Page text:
Flood relief for northern Minn. is expected in special session

by Libby George

If all goes as planned, legislators and Gov. Jesse Ventura will have allocated flood relief funding for northern Minnesota as early as 1 p.m. Thursday.

At noon, legislators will meet for a special session, primarily to approve a $32.4 million proposal put together by House Speaker Steve Sviggum and Senate Majority Leader Roger Moe.

“It should be very quick and precise,” Ventura said Wednesday after putting the final touches on the plan with Sviggum, Moe and other legislators.

Under the current proposal, $26 million of the $32 million would be borrowed, with more than $11 million taken from a highway fund.

The funding would go to 19 communities hit by heavy rains and flooding in June, including Roseau, Ada, Warroad and Mahnomen.

Ventura was initially reluctant to call a special session, saying the state had already used up the reserves legislative leaders had counted on for $13.1 million of the flood aid package, but finally called a session last Thursday when the proposal was reached.

Although Ventura told reporters he would prefer if the session dealt exclusively with flood relief, he said two other issues are likely to be addressed, as there appears to be a “complete consensus.”

House and senate leaders have also expressed interest in restoring a charitable giving deduction to thousands of wealthy Minnesotans who are subject to the alternative minimum tax which was revoked by the Minnesota Supreme Court in August.

Moe said the tax forms will be printed soon, and if the issue is not addressed before the next legislative session, they will be printed according to the judicial decision.

The other issue likely to be addressed is clarifying tax laws to ensure that the type of gravel used in construction remains exempt from sales tax.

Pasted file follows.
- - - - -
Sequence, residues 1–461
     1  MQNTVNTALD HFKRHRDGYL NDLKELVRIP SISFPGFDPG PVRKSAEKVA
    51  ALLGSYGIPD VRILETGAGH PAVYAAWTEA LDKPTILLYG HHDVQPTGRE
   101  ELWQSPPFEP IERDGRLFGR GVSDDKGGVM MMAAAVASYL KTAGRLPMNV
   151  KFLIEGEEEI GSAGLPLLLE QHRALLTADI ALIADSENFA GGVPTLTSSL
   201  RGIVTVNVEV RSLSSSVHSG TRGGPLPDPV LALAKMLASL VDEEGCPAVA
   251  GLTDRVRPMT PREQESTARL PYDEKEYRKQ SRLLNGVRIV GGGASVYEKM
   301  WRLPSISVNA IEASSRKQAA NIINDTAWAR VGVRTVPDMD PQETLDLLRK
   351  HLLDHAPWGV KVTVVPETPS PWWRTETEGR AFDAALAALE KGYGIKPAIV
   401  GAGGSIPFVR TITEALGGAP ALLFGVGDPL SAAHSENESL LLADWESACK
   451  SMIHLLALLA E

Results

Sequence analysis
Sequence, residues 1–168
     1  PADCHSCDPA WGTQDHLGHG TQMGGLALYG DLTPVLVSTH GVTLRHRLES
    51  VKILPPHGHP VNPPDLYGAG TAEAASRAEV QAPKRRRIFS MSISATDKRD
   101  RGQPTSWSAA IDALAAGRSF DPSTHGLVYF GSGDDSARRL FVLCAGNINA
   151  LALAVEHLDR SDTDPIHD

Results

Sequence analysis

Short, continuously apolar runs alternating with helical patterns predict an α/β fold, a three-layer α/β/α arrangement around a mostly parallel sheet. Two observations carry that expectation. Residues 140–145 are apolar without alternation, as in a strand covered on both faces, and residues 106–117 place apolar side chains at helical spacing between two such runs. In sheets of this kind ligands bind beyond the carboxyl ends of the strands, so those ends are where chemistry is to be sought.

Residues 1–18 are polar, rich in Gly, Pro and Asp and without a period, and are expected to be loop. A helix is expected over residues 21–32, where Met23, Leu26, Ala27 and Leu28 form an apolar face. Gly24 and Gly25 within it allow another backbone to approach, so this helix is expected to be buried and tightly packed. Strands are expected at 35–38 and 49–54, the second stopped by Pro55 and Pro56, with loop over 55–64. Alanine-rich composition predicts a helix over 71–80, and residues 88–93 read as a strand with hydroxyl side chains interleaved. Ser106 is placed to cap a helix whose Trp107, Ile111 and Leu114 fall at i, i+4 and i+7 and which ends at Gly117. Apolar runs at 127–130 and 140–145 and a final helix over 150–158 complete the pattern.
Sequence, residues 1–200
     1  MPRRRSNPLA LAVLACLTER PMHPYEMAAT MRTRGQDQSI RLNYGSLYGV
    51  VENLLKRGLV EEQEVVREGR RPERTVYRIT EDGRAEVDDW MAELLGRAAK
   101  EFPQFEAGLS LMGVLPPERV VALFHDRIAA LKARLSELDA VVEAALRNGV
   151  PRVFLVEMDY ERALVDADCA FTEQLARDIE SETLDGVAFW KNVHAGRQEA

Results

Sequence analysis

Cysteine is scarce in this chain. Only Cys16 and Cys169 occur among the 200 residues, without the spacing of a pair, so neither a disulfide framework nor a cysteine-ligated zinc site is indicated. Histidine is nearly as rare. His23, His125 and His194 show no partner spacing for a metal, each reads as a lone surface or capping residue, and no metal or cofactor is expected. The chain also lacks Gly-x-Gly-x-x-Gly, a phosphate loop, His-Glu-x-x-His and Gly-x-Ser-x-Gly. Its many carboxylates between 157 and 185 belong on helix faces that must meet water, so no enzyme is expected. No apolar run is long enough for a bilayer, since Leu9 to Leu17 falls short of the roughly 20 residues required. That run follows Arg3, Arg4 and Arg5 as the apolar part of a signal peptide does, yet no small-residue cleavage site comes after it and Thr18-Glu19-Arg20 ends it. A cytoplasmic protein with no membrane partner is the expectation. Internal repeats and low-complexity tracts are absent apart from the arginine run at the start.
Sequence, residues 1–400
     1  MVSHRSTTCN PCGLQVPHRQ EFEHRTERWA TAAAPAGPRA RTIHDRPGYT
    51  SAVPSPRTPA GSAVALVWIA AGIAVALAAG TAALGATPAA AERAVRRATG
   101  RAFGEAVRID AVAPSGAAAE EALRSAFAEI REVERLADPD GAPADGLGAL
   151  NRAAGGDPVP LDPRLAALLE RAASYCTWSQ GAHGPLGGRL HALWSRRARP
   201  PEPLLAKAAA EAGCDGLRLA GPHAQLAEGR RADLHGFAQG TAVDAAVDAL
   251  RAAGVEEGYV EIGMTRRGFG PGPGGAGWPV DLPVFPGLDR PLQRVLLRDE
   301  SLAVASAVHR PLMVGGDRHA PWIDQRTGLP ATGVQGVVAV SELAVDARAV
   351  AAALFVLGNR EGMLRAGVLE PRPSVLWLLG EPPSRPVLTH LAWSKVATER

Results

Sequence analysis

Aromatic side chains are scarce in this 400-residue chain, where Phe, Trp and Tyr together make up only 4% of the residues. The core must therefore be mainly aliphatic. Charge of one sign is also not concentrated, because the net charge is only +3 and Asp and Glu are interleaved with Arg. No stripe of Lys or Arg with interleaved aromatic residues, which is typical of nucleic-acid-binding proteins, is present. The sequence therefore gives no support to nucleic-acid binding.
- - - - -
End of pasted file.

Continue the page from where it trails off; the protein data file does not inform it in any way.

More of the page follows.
An interpretation of a bill passed in the last session by the state Revenue Department would impose the tax on gravel against lawmakers’ intentions.

Ventura said he views other issues as off-limits, but once he calls lawmakers back, they can legally deal with as many issues as they wish until they adjourn themselves.

However, Moe and other leaders have said they expect the process to be quick and efficient.

“The senate is made up of 67 unique individuals,” Moe said. “I expect there will be some comments, but I don’t think it will get shrill or partisan.”

Moe said it would be difficult for lawmakers to push controversial issues such as a stadium bill or light rail transit funding because it would take a two-thirds vote of the Legislature to override a gubernatorial veto.

“I think everybody knows we’re there to take care of the flooding problems, and any attempt to get too cute will backfire,” Moe said.

Special legislative sessions are generally called for disaster or emergency relief, but there have been recent cases in which a session is called for other purposes.

A session was called in 1997 to work on a stadium bill, and in 2001, a session was called when the Legislature failed to pass a budget during the regular session.

In the past decade, special sessions have been called approximately every other year.

According to legislators, the standard model for these sessions is to have a

prearranged agreement, such as the current package for flood relief, and legislators simply convene and approve the plan in one day.

Regardless of past reluctance, Ventura said he is now optimistic and fully confident the special session will resolve the relief funding problem, and Moe said it must be taken care of immediately.

“Now’s the time to send financial aid to that area, so folks know that we want them to stay in that area,” Moe said.